New details emerge on GSA's plan to buy cloud services
A managed infrastructure solution might meet GSA's demand for better e-mail and collaboration
The General Services Administration today asked the information technology community for information on a cloud-computing approach to building a new e-mail system.
GSA is considering purchasing e-mail and collaboration services in the form of cloud computing so it can close its old infrastructure and get a state-of-the-art system, according to a request for information.
The procurement agency wants a modern e-mail system and a network to handle an increasingly collaborative working environment, complete with the necessary protections and safeguards, the RFI states.
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GSA said it wants to replace its current system, which ties up resources and is hard to update.
“GSA’s current technology is aged, consumes valuable resources for in-house management, and represents a continuing burden of delayed access to upgrades with a high cost for maintenance,” according to the notice.
The current infrastructure is spread throughout 17 locations and each location has its own server. If a location has power issues, email access is lost, the notice states. The hardware and software infrastructure supports roughly 18,500 accounts with 9,300 accounts accessed via BlackBerry phones. Also, officials anticipate possibly having 30,000 accounts in coming years as the government grows, according to the RFI.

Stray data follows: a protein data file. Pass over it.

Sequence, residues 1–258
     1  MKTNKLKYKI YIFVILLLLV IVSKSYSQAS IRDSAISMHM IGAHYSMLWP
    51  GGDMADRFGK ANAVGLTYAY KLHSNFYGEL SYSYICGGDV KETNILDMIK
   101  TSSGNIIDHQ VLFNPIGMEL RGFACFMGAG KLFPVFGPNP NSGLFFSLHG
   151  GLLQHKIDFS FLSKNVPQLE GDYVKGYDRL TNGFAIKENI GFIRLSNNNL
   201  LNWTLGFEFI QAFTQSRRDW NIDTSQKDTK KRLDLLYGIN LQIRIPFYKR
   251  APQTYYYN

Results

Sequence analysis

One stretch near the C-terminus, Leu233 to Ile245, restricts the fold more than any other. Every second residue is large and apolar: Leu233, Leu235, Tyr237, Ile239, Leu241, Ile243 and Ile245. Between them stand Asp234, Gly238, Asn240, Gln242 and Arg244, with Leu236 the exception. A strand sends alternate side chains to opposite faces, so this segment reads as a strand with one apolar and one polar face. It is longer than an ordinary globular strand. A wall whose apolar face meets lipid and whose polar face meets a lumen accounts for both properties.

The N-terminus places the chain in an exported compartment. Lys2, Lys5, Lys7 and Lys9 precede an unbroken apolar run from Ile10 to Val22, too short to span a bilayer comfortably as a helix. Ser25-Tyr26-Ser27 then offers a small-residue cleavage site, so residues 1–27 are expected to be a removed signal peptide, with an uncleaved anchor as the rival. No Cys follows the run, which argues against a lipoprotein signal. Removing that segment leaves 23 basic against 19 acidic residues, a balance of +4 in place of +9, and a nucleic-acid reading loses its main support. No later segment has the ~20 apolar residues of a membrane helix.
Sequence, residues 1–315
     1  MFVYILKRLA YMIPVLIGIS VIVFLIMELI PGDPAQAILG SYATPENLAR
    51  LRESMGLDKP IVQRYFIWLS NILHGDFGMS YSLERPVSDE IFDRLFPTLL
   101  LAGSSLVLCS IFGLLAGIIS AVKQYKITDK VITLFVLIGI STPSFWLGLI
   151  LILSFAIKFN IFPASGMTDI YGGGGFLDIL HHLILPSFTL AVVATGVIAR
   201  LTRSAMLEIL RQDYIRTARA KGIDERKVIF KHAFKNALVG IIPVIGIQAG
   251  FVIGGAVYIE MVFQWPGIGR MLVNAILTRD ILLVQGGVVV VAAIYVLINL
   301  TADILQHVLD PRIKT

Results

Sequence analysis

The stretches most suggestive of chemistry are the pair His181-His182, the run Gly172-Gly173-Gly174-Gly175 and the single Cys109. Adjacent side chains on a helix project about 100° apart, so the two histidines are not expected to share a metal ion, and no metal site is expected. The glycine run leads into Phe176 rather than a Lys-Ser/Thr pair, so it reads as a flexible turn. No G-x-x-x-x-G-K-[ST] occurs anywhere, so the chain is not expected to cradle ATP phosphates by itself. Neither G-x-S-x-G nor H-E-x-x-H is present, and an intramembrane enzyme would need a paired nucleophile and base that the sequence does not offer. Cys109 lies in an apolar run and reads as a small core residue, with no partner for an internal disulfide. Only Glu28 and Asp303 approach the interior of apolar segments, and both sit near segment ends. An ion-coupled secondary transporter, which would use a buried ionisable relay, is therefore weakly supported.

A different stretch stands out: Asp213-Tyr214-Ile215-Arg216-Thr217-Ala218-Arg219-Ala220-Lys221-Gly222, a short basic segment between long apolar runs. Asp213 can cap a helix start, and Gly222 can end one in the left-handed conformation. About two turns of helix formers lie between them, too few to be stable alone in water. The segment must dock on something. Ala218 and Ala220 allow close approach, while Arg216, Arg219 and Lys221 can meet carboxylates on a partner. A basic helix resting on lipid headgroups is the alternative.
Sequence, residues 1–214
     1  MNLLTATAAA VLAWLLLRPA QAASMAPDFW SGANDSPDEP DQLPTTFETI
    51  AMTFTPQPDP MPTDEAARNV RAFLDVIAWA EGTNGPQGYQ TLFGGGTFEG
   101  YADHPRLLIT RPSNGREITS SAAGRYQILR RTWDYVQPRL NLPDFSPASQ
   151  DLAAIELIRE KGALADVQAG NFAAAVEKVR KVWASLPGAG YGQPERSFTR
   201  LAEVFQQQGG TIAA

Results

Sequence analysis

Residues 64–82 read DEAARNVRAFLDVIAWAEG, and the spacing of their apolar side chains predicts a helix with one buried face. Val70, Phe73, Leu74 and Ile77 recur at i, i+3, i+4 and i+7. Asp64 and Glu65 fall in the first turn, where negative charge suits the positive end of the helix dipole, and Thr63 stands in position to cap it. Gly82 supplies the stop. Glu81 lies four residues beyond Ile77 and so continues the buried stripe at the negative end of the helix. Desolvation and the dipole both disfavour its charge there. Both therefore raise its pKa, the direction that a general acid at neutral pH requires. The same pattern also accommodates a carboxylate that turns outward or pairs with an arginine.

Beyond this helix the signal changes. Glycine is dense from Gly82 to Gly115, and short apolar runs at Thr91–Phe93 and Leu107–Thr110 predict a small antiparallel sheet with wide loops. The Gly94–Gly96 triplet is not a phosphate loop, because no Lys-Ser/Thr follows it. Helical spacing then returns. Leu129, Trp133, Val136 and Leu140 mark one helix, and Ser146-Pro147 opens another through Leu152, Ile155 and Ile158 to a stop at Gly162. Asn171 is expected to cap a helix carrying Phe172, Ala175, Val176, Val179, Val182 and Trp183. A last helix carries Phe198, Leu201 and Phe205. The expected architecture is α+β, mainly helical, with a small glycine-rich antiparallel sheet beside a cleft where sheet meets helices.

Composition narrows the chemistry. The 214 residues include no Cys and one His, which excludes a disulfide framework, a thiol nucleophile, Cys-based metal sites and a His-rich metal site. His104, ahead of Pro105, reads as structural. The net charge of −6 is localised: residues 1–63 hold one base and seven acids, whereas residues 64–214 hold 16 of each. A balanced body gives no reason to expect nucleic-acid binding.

With the growth, storage is increasing, which compounds the system's costs to manage and maintain it. Meanwhile, GSA is under greater pressure to have a faster process for handling e-mail messages in cases of litigation. However, under the current infrastructure, e-mail message archiving is done inconsistently, the RFI states.
GSA is accepting comments to the RFI at the BetterBuyProject's wiki.
Matthew Weigelt is a former FCW senior writer who covered acquisition and procurement.